Another B vitamin, folic acid, was shown to delay the progression of chronic kidney disease in hypertensive men and women treated with the blood pressure drug enalapril.4 Among subjects who had chronic kidney disease at the beginning of the study, the risk of experiencing specific decreases in the kidney’s estimated glomerular filtration rate was significantly less among subjects who received folic acid plus enalapril than among those who received enalapril alone. "Our study is the first to show significant renal protection from folic acid therapy in a population without folic acid fortification," Xin Xu, MD, PhD, and colleagues announce." Given the magnitude of renal protection suggested by this study as well as the safety and the low cost, the potential role of folic acid therapy in the clinical management of patients with chronic kidney disease in regions without folic acid fortification should be vigorously examined."

Vitamin D

African Americans are disproportionally affected by kidney failure. A study published in 2009 in the Journal of the American Society of Nephrology found a significant association between end stage renal disease (ESRD) and insufficient vitamin D levels in African American subjects.5 According to lead author Michal L. Melamed, MD, "We found that 25-hydroxyvitamin D deficiency was responsible for about 58 percent of the excess risk for ESRD experienced by African Americans."

Other research concluded that vitamin D deficiency is nearly universal among patients with reduced albumin levels who started hemodialysis during winter, when vitamin D levels may be lower.6 And in a study of patients with the autoimmune disease systemic lupus erythematosus (SLE), those with abnormally low vitamin D levels had an 87% greater risk of kidney damage than those whose levels of the vitamin were sufficient.7 "Supplementing vitamin D reduces urine protein, which is the best predictor of future renal failure," commented researcher Michelle Petri, MD, PhD, of the Johns Hopkins University Lupus Center. "Supplementary vitamin D is very safe. It helps to prevent one of the most dreaded complications of SLE, and likely has a role in preventing blood clots and cardiovascular disease as well. Vitamin D supplementation, which can reduce proteinuria, should be a part of the treatment plan for lupus nephritis patients."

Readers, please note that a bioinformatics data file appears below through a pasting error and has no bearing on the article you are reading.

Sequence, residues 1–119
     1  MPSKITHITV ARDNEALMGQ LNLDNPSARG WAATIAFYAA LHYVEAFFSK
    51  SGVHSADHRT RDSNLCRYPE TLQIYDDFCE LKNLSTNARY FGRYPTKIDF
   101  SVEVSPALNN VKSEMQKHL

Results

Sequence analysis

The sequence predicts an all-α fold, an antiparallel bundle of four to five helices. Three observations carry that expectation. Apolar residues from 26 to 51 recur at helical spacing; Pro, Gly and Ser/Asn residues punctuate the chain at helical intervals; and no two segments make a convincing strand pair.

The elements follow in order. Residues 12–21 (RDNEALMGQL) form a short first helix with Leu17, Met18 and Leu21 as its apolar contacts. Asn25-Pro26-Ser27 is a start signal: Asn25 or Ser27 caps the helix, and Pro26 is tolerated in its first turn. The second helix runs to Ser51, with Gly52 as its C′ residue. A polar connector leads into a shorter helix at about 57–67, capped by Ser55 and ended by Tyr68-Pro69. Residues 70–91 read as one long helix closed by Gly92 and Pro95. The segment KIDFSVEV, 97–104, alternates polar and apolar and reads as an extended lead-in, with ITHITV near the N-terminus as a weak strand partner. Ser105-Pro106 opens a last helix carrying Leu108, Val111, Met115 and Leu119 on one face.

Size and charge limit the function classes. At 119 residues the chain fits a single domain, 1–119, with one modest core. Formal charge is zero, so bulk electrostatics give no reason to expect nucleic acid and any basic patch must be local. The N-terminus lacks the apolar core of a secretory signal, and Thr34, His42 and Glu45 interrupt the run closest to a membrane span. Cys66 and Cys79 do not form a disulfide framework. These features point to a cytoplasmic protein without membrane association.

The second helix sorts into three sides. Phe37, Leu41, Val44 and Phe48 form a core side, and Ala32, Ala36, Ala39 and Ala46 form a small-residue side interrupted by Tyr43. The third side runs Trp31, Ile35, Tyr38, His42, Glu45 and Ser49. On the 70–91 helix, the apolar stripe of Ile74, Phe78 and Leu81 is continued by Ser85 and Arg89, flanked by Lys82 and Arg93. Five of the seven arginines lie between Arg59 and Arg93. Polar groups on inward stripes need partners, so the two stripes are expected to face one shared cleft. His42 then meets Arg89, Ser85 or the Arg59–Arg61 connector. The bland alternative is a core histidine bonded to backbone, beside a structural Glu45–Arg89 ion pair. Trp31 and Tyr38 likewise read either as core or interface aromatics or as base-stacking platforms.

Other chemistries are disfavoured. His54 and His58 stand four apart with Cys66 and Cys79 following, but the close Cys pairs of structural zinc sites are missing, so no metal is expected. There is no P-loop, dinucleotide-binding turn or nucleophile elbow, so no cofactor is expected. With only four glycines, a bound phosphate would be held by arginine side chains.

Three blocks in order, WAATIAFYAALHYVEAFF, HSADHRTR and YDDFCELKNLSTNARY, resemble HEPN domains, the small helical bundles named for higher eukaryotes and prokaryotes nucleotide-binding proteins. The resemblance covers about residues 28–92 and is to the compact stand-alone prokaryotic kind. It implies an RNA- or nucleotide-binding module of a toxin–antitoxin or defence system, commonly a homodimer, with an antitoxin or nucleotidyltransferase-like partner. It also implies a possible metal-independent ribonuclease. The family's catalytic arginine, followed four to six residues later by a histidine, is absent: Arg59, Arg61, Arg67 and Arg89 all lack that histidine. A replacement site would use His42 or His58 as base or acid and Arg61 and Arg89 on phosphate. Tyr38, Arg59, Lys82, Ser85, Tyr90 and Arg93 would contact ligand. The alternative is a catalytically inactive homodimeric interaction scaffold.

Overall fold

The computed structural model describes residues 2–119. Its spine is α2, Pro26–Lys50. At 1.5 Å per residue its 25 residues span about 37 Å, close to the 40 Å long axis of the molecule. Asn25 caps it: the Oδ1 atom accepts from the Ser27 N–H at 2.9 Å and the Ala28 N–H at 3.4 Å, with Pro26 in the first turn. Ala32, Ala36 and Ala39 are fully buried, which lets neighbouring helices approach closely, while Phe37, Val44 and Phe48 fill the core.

Diet

In a randomized trial that included 101 chronic kidney disease patients, those who received pomegranate juice prior to hemodialysis sessions had less oxidative stress, inflammation, lower risks of hospitalization due to infection, and atherosclerosis progression after one year compared to participants who received a placebo.8 "Considering the expected epidemic of chronic kidney disease in the next decade, further clinical trials using pomegranate juice aimed at reducing the high cardiovascular morbidity of chronic kidney disease patients and their deterioration to end-stage renal disease should be conducted," recommended lead researcher Bayta Kristal, MD, of Technicon-Israel Institute of Technology.

To lower the risk of developing kidney disease in the first place, a Mediterranean diet, which is high in plant foods, fish and healthy fats, could help.9 Researchers at Columbia University determined that for each one-point increase in Mediterranean diet score (indicating greater adherence to the diet) there was a 17% reduction in the risk of developing chronic kidney disease, and among those whose scores were indicative of the closest adherence to the diet, a 50% lower risk of developing the disease was observed.

For patients with chronic renal failure, physicians typically prescribe a diet that contains limited amounts of fluids, protein, sodium, potassium and phosphorous. The results of a number of studies indicate that specific nutritional supplements may also be helpful. If you have kidney disease and are considering supplementation with any of these nutrients, it is essential to discuss with your physician whether any of these nutrients can be safely used, and to inform him/her of any changes in your supplement regimen.

References


  1. Bursell SE et al. Diabetes Care. 1999 Aug;22(8):1245-51.
  2. Babaei-Jadidi R et al. Diabetes. 2003 Aug;52(8):2110-20.
  3. Lewis EJ et al. J Am Soc Nephrol. 2012 Jan;23(1):131-6.
  4. Xu X et al. JAMA Intern Med. 2016 Oct 1;176(10):1443-1450. 2017.
  5. Melamed ML et al. J Am Soc Nephrol. 2009 Dec;20(12):2631-9.
  6. Bhan I et al. Clin J Am Soc Nephrol. 2010 Mar;5(3):460-7.
  7. Petri M et al. American College of Rheumatology/Association of Rheumatology Health Professionals (ACR/ARHP) Annual Meeting. 2017 Nov 5.
  8. Shema-Didi L et al. Free Radic Biol Med. 2012 Jul 15;53(2):297-304.
  9. Khatri M et al. Clin J Am Soc Nephrol. 2014 Nov 7;9(11):1868-75.